My apologies, if this topic has been discussed serval times already. In a frequentist approach when fitting a simple linear model on a dataset with sample size say 100 subjects , 6 covariates , each covariate with 3 levels, does p value matter ? How much importance should be given to p values , especially when p > 0.05 in this scenario.
p > 0.05 seldom means very much in any case. But in this case with a very small sample size, if using a frequentist approach I would emphasize confidence limits (compatibility intervals) much more. Note that large p is interpreted as at present we do not have sufficient evidence to say that the data are incompatible with a supposition of no effect, the short version of this being “get more data”. Bayesian approaches on the other hand provide evidence in favor of any assertion.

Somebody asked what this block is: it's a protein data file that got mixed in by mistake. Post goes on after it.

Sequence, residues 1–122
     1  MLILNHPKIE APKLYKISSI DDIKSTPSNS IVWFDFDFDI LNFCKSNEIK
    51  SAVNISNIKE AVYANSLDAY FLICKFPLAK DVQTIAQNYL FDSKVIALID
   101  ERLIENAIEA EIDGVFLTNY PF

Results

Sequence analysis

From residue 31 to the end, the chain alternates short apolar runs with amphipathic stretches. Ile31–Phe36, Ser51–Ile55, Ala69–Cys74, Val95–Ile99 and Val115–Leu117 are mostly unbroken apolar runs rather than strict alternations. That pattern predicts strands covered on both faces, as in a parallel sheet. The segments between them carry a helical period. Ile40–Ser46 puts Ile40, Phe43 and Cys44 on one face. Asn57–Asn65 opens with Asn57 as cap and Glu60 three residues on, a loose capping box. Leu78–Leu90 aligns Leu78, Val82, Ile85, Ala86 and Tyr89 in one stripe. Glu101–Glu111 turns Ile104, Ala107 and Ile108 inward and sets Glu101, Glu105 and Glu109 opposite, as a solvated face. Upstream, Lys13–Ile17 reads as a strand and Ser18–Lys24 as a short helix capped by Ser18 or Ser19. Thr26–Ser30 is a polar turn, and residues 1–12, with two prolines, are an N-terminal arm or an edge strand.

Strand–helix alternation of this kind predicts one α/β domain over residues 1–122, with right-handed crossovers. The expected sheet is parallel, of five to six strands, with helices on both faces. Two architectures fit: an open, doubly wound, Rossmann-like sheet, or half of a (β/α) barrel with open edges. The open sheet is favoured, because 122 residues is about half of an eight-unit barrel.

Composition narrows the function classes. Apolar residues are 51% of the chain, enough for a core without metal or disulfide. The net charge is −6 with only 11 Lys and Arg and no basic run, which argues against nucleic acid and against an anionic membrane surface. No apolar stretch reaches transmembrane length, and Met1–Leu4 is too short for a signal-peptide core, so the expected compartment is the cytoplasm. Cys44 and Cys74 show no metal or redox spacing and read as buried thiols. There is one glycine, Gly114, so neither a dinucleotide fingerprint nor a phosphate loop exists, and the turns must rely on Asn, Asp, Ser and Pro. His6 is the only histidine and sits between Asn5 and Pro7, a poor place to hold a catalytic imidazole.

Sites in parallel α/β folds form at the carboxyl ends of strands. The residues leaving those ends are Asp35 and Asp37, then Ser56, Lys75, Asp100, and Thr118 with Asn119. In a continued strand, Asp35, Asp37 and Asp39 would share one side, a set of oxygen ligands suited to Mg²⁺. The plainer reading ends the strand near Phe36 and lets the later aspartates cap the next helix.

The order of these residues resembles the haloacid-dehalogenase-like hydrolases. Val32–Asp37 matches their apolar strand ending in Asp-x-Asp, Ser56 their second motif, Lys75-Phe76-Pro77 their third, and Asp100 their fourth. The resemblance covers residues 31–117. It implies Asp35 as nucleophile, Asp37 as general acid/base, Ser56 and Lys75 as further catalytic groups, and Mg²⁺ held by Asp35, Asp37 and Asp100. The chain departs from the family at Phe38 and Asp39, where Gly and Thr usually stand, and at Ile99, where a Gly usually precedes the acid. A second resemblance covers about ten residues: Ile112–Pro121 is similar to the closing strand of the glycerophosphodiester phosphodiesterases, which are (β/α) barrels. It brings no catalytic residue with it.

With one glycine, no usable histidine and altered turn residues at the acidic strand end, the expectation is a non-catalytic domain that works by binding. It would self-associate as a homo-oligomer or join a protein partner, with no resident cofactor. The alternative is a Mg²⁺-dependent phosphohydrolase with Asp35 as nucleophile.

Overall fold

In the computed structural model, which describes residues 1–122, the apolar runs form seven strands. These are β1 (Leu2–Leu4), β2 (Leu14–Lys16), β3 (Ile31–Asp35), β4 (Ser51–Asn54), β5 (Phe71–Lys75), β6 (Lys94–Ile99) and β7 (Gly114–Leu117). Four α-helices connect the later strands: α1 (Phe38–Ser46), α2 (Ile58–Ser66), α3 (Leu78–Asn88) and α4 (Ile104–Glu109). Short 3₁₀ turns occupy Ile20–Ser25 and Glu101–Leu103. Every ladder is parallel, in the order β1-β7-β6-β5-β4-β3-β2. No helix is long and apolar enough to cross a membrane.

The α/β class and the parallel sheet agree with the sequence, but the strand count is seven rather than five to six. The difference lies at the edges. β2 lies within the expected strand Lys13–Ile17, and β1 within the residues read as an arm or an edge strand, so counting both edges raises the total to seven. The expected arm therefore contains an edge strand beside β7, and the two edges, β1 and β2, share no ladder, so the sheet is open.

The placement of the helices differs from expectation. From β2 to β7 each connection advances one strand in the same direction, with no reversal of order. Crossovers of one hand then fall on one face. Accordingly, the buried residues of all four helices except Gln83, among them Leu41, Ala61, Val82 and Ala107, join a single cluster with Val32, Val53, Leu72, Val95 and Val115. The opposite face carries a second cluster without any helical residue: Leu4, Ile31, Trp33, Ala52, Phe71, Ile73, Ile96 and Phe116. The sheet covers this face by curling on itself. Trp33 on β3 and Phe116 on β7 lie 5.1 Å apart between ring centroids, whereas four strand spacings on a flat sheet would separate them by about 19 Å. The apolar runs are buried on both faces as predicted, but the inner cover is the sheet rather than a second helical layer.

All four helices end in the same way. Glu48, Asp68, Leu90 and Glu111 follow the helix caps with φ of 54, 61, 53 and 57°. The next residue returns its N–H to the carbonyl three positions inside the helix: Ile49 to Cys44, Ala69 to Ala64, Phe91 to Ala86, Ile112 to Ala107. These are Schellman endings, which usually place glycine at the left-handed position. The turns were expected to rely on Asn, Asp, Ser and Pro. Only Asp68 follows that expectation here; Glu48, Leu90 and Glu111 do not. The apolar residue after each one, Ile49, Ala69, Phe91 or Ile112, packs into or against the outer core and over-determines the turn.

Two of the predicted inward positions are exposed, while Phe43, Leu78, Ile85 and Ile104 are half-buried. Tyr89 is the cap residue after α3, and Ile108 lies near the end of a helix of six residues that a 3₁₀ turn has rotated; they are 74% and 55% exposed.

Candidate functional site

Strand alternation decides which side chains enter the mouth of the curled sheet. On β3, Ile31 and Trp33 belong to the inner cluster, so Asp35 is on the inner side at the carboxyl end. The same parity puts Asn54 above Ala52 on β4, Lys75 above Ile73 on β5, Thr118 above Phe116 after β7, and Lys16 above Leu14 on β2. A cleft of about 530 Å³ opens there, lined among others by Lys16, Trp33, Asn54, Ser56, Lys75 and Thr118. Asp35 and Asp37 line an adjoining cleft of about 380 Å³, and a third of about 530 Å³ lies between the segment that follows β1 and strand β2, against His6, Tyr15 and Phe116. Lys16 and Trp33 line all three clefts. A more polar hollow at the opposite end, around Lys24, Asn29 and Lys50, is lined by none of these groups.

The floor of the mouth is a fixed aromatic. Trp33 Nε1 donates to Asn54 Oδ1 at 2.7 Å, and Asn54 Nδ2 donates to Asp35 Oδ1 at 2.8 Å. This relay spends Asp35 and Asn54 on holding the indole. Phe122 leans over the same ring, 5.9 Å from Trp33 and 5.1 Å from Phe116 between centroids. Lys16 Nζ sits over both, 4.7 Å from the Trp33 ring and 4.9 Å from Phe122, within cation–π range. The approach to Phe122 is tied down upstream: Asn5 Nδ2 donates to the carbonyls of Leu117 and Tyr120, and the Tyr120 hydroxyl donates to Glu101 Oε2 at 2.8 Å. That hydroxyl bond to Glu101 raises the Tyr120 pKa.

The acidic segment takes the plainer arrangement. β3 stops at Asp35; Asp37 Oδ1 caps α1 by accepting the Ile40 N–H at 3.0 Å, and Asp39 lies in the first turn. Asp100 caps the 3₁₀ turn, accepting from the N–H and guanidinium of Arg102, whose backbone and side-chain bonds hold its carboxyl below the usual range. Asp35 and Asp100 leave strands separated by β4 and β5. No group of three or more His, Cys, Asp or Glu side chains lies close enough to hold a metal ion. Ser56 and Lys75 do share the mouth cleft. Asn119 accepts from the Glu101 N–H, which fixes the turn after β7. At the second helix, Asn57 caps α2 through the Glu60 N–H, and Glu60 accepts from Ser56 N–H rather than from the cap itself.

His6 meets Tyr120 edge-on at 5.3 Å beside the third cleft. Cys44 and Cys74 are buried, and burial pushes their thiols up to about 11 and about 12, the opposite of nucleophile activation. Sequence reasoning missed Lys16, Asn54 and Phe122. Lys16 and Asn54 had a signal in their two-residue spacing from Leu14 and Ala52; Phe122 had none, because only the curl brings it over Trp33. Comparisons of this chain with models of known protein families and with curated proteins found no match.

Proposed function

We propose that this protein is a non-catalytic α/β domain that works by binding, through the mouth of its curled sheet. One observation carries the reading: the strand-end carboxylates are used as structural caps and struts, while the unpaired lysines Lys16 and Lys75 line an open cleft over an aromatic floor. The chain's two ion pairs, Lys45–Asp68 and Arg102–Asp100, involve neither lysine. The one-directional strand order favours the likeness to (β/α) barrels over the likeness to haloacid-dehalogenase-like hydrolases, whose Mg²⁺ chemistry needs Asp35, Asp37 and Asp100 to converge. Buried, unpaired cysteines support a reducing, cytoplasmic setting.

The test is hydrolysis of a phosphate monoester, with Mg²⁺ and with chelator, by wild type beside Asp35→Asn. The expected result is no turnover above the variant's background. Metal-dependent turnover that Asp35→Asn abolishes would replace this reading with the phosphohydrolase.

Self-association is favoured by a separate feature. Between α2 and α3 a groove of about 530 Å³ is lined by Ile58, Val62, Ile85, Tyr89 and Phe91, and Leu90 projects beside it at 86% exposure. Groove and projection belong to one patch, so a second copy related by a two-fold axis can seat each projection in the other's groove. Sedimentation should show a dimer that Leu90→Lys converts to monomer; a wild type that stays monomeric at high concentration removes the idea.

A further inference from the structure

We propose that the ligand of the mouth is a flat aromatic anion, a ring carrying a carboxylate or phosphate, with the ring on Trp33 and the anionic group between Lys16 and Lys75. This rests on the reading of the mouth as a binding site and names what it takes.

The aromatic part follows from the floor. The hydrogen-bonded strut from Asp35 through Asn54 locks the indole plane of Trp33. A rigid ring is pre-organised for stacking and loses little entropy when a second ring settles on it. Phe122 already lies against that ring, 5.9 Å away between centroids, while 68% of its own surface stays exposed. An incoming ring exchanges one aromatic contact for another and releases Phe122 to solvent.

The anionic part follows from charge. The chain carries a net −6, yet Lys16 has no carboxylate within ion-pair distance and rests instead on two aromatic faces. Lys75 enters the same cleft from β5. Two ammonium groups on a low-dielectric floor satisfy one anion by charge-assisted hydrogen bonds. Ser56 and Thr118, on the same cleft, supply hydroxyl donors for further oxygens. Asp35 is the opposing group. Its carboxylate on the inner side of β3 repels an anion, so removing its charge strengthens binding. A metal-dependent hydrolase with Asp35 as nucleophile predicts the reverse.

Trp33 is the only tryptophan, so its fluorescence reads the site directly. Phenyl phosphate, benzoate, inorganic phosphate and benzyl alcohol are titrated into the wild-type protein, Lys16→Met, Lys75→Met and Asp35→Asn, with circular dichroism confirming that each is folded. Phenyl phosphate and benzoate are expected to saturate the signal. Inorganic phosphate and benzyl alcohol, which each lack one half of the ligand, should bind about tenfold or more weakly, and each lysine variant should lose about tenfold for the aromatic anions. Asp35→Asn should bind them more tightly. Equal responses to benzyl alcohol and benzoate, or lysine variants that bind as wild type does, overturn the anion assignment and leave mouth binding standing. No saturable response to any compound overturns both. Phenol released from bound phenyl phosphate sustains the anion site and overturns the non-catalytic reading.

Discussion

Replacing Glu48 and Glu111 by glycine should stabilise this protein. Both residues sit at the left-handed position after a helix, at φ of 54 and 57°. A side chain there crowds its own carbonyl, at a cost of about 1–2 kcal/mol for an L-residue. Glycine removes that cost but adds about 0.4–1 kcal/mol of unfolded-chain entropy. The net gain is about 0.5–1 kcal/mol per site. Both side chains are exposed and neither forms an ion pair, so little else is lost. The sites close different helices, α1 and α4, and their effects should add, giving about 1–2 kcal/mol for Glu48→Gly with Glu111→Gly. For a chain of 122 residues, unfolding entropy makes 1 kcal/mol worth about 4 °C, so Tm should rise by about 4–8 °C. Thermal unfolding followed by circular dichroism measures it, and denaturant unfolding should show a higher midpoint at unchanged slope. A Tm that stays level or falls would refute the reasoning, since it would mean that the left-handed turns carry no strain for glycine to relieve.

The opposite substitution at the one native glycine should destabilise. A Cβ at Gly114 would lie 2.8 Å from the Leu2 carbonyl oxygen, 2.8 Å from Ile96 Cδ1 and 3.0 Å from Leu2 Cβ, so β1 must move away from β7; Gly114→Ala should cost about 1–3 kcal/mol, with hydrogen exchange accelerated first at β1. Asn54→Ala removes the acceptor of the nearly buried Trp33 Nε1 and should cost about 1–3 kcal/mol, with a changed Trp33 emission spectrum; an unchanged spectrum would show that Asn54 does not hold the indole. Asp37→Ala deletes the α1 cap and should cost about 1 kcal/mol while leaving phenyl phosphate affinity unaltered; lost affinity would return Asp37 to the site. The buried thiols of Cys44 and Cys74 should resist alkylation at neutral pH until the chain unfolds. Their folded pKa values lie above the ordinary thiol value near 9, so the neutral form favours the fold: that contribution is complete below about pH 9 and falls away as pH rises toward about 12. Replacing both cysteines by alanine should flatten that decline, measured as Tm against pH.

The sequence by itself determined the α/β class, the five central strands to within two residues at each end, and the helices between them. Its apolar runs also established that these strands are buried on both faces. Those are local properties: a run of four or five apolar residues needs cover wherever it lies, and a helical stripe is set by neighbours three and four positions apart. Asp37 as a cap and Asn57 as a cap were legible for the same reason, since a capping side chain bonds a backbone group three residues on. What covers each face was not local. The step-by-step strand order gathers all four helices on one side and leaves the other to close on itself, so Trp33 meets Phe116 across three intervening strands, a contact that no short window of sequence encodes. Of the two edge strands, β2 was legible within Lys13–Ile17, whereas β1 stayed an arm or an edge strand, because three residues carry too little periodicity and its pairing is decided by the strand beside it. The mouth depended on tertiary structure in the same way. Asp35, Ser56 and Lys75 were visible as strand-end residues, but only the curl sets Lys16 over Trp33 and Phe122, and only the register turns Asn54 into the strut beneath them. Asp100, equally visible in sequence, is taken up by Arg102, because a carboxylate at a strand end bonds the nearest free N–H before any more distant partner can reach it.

When the sample size is small, not using any extra-data information is especially problematic, even to the extent that a flat prior that merely disallows the “wrong” direction of a regression coefficient will improve the analysis.
Thanks Frank, this makes perfect sense to me.
One of the truly hard things to do without really a lot of reminders like this is to go with “OK, so I still don’t have a good answer, just another question.” Making good use of disappointments is crucial because there are so many more disappointments in data than unexpected treasures.
@technocrat , it depends on how one defines “disappointment in data”,
I had in mind the reaction “I didn’t find what I hoped to,” which is the common experience leading to motivated reasoning and dodges such as p-hacking.
@technocrat , I agree.